Arizona Abandoned Mine Lands Program

Bureau of Land Management (BLM) Arizona manages and conserves 12.1 million acres of public land and 17.5 million subsurface acres within Arizona. The lands managed by the BLM are consistent with the principle of “multiple use” which may include cattle grazing, wild horses, recreation, wildlife habitat, and mining. Widespread mining, both on- and off-site beneficiation, and smelting have occurred in Arizona's mining districts since the 1860s.  Many of the lands originally mined were patented. However, abandoned mine sites commonly occur on public land near all of the historic mining districts.  Many industrial mineral sites also occur in Arizona, but these are typically small and pose little risk to people or natural resources.

Significant mining areas in Arizona are:

  • southeastern and eastern Arizona: Porphyry and vein deposits (copper, silver, molybdenum, gold, tungsten, lead, zinc)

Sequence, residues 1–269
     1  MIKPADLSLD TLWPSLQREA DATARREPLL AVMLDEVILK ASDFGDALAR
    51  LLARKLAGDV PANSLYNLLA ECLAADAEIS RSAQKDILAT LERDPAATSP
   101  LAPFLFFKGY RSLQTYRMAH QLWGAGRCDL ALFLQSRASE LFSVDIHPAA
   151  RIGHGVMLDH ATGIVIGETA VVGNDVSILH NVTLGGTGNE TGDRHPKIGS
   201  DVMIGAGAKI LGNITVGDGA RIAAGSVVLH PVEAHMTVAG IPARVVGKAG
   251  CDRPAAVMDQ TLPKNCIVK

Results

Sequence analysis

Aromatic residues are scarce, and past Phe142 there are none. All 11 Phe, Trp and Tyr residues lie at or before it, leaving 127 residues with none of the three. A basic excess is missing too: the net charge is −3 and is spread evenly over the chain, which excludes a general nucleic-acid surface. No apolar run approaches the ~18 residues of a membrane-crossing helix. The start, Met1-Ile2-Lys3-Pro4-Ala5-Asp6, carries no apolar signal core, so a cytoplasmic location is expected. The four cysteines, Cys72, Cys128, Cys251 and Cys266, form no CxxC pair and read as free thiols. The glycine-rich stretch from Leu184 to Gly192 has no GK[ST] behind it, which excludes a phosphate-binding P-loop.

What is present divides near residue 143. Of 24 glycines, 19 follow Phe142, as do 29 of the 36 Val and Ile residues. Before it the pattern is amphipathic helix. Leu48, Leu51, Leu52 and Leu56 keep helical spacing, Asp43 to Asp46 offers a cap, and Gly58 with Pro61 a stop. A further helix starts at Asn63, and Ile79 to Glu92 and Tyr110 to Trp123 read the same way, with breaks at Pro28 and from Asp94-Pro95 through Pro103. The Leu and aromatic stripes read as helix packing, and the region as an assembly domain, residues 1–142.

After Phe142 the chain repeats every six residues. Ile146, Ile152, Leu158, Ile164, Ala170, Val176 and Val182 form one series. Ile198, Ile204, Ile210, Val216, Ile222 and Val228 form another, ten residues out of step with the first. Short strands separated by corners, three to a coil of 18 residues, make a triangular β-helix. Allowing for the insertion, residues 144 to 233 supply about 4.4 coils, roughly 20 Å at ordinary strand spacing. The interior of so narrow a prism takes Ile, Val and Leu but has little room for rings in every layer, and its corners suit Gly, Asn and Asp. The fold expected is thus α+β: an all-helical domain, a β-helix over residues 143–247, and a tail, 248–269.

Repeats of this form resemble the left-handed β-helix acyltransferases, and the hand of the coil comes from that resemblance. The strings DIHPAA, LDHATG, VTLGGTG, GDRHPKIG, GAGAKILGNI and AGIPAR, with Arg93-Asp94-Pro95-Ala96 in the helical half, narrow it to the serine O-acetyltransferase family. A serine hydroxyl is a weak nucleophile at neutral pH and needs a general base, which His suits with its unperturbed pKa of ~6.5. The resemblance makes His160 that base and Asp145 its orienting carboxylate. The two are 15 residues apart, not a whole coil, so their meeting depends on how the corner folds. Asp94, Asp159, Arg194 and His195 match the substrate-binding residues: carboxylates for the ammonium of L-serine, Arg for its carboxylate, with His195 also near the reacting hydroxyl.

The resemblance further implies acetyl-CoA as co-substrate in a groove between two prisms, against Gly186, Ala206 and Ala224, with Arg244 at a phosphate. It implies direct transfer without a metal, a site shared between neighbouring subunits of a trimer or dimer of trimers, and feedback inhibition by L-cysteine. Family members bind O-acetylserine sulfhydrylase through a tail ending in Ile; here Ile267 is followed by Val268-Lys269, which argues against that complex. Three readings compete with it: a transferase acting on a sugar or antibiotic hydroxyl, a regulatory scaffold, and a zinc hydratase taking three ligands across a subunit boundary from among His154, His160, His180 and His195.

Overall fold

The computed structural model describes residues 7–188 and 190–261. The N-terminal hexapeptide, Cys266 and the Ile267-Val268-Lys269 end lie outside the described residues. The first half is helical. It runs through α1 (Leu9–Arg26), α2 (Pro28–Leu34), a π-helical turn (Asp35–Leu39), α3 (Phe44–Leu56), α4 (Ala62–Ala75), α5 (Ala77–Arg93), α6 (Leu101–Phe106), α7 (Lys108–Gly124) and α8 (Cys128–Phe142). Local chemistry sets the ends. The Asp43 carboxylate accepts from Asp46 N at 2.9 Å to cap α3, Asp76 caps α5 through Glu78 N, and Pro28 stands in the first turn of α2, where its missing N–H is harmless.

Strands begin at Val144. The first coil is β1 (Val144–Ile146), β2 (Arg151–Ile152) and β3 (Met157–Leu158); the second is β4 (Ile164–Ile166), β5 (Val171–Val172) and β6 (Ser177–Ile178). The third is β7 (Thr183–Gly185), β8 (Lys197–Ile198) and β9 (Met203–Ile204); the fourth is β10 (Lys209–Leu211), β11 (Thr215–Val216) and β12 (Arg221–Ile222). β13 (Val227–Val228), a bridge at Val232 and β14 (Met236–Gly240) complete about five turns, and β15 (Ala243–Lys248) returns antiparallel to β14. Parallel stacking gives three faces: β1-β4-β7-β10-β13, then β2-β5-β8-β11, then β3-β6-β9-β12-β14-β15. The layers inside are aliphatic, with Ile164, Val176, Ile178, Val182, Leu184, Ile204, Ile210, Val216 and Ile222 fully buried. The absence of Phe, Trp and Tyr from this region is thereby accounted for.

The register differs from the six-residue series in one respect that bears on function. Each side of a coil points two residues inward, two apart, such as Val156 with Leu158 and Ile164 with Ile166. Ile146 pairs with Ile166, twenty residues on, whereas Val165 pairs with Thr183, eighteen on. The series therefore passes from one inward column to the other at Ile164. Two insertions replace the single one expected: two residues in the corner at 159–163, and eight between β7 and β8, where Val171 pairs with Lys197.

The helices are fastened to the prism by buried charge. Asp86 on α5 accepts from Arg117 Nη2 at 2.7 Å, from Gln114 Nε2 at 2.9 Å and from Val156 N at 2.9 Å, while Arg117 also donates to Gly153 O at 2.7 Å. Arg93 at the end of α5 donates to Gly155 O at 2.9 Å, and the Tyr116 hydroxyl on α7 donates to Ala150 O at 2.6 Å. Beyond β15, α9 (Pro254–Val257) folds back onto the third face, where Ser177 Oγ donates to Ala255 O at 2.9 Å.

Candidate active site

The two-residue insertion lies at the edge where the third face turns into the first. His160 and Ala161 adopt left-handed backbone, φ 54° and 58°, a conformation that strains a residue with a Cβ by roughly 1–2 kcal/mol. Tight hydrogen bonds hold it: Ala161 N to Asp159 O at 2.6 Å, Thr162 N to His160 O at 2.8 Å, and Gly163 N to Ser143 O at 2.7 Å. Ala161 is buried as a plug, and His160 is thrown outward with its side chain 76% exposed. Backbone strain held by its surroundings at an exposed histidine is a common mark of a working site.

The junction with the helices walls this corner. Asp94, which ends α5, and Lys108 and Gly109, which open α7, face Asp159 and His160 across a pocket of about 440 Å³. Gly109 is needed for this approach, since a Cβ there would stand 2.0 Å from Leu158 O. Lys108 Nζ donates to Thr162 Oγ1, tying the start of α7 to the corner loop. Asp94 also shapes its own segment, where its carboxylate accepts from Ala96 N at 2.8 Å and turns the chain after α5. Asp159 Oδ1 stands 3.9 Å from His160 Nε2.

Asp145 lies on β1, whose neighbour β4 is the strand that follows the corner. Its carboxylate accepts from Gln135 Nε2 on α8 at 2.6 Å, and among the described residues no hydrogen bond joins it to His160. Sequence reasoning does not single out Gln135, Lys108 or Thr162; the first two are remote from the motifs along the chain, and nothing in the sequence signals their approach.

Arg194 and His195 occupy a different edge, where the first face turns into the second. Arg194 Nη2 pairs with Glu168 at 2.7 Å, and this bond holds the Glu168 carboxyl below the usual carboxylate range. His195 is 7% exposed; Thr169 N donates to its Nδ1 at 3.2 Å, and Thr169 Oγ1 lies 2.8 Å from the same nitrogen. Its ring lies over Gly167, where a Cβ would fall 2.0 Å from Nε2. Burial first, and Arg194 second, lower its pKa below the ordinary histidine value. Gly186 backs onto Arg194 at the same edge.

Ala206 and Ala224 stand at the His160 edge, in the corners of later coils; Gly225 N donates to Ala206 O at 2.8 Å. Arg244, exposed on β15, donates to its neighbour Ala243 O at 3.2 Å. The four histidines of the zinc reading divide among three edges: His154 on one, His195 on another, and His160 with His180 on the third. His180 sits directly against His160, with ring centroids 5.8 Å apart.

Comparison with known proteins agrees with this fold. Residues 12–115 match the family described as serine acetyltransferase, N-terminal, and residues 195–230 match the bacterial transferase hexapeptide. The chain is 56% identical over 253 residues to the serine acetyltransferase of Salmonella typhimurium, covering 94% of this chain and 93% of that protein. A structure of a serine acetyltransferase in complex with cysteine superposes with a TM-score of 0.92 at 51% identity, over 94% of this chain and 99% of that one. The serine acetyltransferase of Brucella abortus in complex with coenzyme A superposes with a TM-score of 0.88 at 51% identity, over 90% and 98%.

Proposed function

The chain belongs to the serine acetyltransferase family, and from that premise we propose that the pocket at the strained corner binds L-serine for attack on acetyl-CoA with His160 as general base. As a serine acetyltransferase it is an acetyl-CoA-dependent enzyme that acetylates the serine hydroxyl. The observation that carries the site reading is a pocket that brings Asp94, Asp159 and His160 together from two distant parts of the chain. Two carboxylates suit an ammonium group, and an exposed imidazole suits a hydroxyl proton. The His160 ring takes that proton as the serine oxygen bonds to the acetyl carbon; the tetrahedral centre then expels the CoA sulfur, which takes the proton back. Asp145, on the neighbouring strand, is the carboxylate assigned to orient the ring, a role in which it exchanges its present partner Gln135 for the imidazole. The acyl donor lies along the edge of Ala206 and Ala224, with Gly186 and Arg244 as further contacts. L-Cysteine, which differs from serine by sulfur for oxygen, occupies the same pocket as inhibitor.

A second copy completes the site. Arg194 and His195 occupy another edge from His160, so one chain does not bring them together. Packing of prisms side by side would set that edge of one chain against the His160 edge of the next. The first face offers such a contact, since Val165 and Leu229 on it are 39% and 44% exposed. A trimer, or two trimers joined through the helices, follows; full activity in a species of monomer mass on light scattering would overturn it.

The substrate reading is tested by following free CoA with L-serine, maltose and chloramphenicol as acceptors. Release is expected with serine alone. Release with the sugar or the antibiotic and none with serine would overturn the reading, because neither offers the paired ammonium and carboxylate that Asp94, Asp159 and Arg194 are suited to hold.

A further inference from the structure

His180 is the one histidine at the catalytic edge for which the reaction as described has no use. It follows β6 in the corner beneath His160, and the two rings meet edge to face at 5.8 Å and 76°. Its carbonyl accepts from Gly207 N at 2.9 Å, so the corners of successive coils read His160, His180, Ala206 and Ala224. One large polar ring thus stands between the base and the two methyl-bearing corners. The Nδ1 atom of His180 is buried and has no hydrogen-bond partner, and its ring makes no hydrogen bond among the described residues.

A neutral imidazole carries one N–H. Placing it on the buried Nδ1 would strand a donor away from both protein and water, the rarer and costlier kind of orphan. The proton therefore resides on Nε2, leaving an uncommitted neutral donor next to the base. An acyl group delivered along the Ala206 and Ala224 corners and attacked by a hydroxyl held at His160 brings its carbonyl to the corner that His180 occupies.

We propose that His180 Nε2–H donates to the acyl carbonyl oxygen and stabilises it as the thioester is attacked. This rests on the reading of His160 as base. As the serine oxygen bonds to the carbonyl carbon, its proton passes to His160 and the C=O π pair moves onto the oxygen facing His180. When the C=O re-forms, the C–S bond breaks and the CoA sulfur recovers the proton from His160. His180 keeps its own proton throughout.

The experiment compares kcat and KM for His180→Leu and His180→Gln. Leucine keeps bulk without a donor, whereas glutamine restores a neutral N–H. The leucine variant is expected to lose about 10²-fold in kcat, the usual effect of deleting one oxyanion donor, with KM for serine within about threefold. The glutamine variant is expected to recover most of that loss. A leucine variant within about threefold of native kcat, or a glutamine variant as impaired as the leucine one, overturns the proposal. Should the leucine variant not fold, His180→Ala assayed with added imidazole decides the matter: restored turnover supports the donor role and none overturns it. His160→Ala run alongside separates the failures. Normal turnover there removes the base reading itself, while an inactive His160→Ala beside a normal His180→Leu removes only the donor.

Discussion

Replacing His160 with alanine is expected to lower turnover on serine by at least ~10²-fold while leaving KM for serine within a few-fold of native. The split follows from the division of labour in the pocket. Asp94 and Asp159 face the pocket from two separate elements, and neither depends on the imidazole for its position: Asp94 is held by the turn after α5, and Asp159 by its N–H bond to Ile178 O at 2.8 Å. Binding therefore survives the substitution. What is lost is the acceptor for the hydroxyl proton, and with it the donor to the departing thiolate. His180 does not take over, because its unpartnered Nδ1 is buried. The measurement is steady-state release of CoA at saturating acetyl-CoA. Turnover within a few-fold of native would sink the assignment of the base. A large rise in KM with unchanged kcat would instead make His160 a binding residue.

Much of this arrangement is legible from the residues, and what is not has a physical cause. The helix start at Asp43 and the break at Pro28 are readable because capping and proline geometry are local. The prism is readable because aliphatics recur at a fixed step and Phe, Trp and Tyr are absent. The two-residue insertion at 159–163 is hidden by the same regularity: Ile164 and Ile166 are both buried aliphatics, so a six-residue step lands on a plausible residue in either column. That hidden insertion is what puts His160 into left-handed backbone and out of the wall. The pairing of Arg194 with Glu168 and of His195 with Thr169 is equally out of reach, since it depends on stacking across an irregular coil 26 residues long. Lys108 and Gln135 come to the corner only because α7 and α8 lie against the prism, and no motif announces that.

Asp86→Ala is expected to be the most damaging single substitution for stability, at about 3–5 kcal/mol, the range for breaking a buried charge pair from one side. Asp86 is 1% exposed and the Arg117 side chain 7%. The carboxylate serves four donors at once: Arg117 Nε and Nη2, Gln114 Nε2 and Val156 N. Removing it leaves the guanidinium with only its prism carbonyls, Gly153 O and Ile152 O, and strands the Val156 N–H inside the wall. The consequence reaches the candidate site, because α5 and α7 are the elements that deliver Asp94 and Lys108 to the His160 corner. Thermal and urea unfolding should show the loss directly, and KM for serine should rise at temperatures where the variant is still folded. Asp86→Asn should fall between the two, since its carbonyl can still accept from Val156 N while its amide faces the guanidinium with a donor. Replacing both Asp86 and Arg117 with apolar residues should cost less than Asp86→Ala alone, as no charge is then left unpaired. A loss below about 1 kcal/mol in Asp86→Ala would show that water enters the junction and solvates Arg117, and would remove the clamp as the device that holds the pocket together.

• central Arizona: Vein and massive sulfide deposits (copper, led, silver, gold, manganese, tungsten, mercury)
  • west-central Arizona: Vein deposits (gold, silver, copper, lead, zinc, manganese, uranium, tungsten)
  • southwestern Arizona: Placer and vein deposits (gold, silver, manganese)
  • northern Arizona: Breccia pipes and stratabound deposits (uranium, vanadium, manganese, copper)

The estimate for Arizona is over 200,000 abandoned mine features with an estimated 20,000 being located within the National System of Public Lands (NSPL). Currently the BLM has documented about 10,000 features in the Abandoned Mine and Site Cleanup Module (AMSCM) database. We continue to identify as many as 750 features each year through active inventory by our partners. Most sites are physical safety sites that require temporary fencing, backfilling or bat-friendly enclosures. Environmental remediation actions include the construction of repositories, in-place capping, and groundwater treatment systems. There are minimal features that directly impact watersheds, but do impact adjacent arroyos during rain events. Most impacted areas do not support fisheries, but do impact recreational and urban interface areas. The largest impact is the physical safety threat to recreational users.